Waynes’ most valuable skill is likely his physicality, especially when forcing players to the boundary. On this play, Waynes jams the receiver as soon as he tries to make his way down the field. Waynes jolts the receiver, slows his acceleration and forces him to the sideline so that he has less room to work with. Textbook press play.
Now, flipping the direction of the route, Waynes stalls a slant here vs Ohio State. Waynes sees the Buckeye make his move inside, so he reaches out to halt him as much as he can and help himself gain ground on the receiver. Due to Waynes being able to negate any acceleration out of the receiver’s break, the receiver is not able to get open.
When and if Waynes can get to a catch point is an interesting debate because of his speed and physicality vs lack of fluidity and quickness, but his ability to find and play the ball at the catch point is sub-par. A lot of times, Waynes is generally unaware of his surroundings and is only concerned with the receiver in front of him, not necessarily where the ball is. On top of losing out on a number of interceptions, Waynes has been notorious for pass interference penalties because he clearly plays the receiver instead of the ball.
This tendency to play according to the receiver instead of the ball is Waynes’ way of countering his inability to locate the ball well. Near the side line and down the field, Waynes struggles to get his head around in time to find the ball and make a proper play on it. Instead, he battles through the receiver as they try to come down with the ball. While this may work at times, it can more easily lead to penalties and gives the receiver a much better shot at the ball initially.
Waynes gets awfully lucky on this play. The receiver earns the inside leverage just as he gets to the catch point and Waynes overruns the play. The receiver can not quite hang onto the ball and, though still technically in the receiver’s hand, the ball lands right in Waynes’ hands. This should have been a touchdown, but a lack of ball skills from the receiver allows Waynes to come away more prosperous than he should have.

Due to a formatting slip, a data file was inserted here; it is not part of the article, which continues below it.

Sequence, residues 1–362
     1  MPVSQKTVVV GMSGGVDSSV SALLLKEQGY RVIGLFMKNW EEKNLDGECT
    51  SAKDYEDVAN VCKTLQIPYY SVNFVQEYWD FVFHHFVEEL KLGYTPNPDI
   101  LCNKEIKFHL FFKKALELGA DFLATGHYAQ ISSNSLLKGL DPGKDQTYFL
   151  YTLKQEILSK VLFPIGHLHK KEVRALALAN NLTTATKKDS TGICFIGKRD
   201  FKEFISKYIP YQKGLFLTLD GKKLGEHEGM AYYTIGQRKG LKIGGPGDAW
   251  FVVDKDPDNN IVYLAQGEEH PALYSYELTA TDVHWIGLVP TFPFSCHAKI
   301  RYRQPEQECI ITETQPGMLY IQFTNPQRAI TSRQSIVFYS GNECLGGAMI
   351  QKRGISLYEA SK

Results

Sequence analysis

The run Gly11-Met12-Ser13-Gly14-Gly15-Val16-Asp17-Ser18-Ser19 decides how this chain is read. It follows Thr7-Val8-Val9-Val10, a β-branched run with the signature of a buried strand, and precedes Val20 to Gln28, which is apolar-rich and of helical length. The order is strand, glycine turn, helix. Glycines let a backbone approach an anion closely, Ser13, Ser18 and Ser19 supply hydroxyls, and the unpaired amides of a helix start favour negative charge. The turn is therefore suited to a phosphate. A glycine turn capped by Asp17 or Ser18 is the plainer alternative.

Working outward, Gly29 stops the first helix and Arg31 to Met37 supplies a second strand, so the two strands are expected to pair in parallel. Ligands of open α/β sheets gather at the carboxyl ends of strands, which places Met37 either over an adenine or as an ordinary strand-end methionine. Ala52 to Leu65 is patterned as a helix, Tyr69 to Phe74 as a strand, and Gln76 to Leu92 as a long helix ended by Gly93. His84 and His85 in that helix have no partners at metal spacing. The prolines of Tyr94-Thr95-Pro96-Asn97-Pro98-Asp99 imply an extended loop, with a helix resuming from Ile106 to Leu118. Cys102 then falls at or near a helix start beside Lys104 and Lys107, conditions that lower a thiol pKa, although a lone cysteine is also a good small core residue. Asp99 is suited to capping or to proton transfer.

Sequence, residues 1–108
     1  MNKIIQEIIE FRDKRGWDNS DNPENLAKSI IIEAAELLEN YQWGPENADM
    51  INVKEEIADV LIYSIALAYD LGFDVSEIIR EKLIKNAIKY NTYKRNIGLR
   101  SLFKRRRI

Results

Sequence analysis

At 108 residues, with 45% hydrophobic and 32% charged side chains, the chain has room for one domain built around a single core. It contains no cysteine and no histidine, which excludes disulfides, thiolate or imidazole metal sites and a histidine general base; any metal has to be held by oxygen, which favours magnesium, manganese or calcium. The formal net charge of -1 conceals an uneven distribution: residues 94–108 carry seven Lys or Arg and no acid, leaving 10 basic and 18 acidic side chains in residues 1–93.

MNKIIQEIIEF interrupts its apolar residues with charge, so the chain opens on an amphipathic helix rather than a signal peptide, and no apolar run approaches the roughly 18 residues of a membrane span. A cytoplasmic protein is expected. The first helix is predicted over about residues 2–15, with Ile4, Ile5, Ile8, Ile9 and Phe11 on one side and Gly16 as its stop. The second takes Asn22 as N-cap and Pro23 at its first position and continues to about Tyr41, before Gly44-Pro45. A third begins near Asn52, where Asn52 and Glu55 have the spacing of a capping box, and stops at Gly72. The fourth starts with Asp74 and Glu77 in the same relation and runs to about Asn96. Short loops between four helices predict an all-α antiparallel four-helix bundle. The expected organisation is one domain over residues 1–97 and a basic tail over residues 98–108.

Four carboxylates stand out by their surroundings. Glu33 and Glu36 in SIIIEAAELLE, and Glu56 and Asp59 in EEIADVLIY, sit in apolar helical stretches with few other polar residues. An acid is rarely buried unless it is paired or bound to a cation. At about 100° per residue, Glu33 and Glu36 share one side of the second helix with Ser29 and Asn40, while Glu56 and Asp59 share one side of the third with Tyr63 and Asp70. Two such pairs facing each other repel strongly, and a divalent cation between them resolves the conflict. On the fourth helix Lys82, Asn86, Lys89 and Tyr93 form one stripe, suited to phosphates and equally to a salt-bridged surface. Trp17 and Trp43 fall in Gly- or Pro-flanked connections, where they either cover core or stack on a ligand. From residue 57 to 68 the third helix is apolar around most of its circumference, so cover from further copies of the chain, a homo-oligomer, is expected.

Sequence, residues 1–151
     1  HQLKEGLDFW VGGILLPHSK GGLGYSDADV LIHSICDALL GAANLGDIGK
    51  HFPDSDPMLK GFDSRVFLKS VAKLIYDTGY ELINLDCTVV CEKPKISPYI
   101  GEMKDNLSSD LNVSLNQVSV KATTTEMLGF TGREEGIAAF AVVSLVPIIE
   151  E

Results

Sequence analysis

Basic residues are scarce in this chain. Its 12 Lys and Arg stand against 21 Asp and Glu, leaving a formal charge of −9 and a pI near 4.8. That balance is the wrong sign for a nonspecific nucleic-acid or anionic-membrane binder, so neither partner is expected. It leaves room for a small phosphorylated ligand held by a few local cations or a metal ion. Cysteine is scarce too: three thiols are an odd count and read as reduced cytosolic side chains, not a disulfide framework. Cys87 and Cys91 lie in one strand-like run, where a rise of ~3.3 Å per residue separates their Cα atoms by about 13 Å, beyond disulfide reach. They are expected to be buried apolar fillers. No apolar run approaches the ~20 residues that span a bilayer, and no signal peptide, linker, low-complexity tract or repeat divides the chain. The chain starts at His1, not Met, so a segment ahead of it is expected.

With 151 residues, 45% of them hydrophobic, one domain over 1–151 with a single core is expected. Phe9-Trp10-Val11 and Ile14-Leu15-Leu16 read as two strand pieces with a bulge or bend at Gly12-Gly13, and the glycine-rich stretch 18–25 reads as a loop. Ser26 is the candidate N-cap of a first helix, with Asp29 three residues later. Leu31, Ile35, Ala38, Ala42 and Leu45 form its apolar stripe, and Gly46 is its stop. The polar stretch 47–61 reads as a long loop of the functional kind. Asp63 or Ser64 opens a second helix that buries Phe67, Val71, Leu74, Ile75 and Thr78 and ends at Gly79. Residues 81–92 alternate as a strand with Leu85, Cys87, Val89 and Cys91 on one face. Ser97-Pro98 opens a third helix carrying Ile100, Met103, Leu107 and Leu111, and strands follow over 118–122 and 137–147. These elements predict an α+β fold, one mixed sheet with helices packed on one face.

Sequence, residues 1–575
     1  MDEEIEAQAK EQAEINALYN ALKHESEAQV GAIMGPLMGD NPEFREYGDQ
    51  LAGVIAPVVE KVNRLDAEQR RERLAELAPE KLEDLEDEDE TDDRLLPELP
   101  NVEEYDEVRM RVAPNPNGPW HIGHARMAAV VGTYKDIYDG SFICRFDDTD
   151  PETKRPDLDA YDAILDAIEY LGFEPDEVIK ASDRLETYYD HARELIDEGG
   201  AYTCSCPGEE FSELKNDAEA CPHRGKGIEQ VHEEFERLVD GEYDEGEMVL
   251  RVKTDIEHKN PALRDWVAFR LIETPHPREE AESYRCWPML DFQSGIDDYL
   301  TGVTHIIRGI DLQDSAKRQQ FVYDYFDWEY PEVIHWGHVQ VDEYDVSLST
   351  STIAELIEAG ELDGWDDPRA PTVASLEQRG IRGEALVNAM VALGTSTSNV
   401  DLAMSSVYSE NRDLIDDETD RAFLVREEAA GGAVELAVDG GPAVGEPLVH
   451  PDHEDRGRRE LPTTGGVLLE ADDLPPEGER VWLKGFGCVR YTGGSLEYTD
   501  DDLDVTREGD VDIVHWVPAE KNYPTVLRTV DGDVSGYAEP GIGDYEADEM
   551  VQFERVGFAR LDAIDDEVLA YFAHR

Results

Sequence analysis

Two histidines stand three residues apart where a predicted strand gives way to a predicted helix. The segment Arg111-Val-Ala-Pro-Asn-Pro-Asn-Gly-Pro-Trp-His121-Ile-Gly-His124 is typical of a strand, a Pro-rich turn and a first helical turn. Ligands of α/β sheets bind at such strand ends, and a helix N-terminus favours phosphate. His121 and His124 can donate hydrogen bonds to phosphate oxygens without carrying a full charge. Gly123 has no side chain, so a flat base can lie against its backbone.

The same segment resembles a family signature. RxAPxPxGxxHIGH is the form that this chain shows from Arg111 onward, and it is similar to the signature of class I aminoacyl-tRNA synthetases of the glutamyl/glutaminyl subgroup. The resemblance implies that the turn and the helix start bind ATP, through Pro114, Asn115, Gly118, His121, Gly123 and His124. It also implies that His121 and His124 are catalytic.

Trae Waynes, for a handful of reasons, is not the top 20 prospect that many have made him out to be. Many of his supporters, and even myself at one point, likened him to Jimmy Smith, but Smith is a much more fluid and explosive athlete than Waynes is. Smith may have taken a while to become the player that he has, but his “weaknesses” early on were centered around his inability to use his body, which was coachable. Waynes’ lack of short area athleticism is not going to be improved much, if at all.
The “Justin Gilbert treatment” has been cast upon Waynes in that his speed and size is somehow believed to be able to make up for his other handful of issues. Waynes is a solid late 3rd round or 4th round prospect, but his lackluster fluidity and quickness are worrisome. In a Cover 3 that allows him to press and work the boundary often, Waynes may prove to be a solid No.2 cornerback, but in any man-heavy scheme that forces Waynes to change direction often, he will falter. Much more so than the other ‘top’ cornerbacks, Waynes is certainly a “buyer beware” product.